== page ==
by Laurian B.

On July 17, 2007, Ghana’s state-owned newspaper, The Daily Graphic, ran this story. The article chronicled the story of a young migrant woman, Mahad Seidu, and her ‘three-hour ordeal’ chained between the seats of a Mercedes Benz mammy-wagon to await transport from Accra to a small town in the Northern Region. The article describes the way Mahad, ‘fled’ the town of Walewale to avoid the “conspiracy of her parents to trade her love for the wealth of a businessman whose lust had been aroused by her 19-year old body”. After spending six months at work as a head porter in Accra, Mahad’s family a bus station agent to find her and send her back to her hometown for an arranged marriage. In the eight images that accompany the article, we see the young woman carried in chains from the rear of the passenger van, “saved from a forced marriage [that] could be a classic set in primitive times”.

That Tuesday, I struck up a conversation with a small group of people having breakfast at a roadside stall near the newsstand. Asking their opinion on the article, Samuel, a civil servant at a nearby government office, tsked-tsked offered what he called a “clear, simple” solution for Mahad and other porters. Samuel said, “Porters like this girl should either, “go back to where they came from,” “go to school” or “find a good husband.” A few people sitting nearby nodded in agreement.

Samuel’s comments resonate with widely held perspectives of female porters in Ghana. Often imaged as failed Ghanaian women who are unable to secure their futures through education or marriage, porters are described as unwanted street children, and in Mahad’s case, still dismissed despite her family’s desire for her return to her hometown. James Opare suggests that head porters physically represent the fractures of urban class and a “failure of modern” Accra to project cosmopolitan middle-class ideals.

At the Agbogbloshie neighborhood, also known as ‘Sodom and Gomorrah’ after the troubled Biblical city, where many head porters live while in Accra, there is little residential security for the 23,000 people who live in the urban slum. Shacks are sub-leased through negotiations with long-term squatters and porters rent space in wooden shacks on a weekly to bi-weekly basis. Rent fees are per person, often absorbs 40% of women’s earned wages and the growing number of women who migrate to the city to porter creates increased competition for all. Contradictorily, Agbogbloshie Market is the arrival point for fresh produce from the hinterland, even as the muddy field behind the market operates as the central repository for human, hospital and electronic waste from abroad.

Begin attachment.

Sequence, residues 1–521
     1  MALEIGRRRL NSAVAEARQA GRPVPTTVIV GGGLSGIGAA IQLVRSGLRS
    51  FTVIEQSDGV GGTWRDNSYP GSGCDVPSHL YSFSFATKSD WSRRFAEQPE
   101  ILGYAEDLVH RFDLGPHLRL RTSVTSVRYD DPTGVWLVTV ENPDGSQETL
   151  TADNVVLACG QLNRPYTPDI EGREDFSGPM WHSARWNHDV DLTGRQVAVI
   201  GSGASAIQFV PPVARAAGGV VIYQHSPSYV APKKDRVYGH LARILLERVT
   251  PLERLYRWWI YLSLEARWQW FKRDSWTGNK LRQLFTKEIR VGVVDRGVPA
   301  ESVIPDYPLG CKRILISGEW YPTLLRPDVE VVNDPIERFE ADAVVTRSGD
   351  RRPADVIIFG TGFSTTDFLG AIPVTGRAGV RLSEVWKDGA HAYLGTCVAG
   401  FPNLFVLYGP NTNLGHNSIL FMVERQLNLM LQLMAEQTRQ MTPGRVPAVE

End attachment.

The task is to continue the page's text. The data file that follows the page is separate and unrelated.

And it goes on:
Stories like this one allow us to see the way gendered dynamics of marginality, but Mahad’s account also allows us to understand something internal; the implication of poor people in moral discussions, the levels of detachment associated with state responsibility towards the margins and the resilient patronizing view of porters amid their essential role in human transportation throughout Ghana. The marginality of porters unfolds in the backdrop of a persistent downward mobility for agricultural communities. In a time when NGOs and governments shroud poverty reduction in neoliberal development models, it is crucial to continue our questions about the gendered patterns of social differentiation and inequity.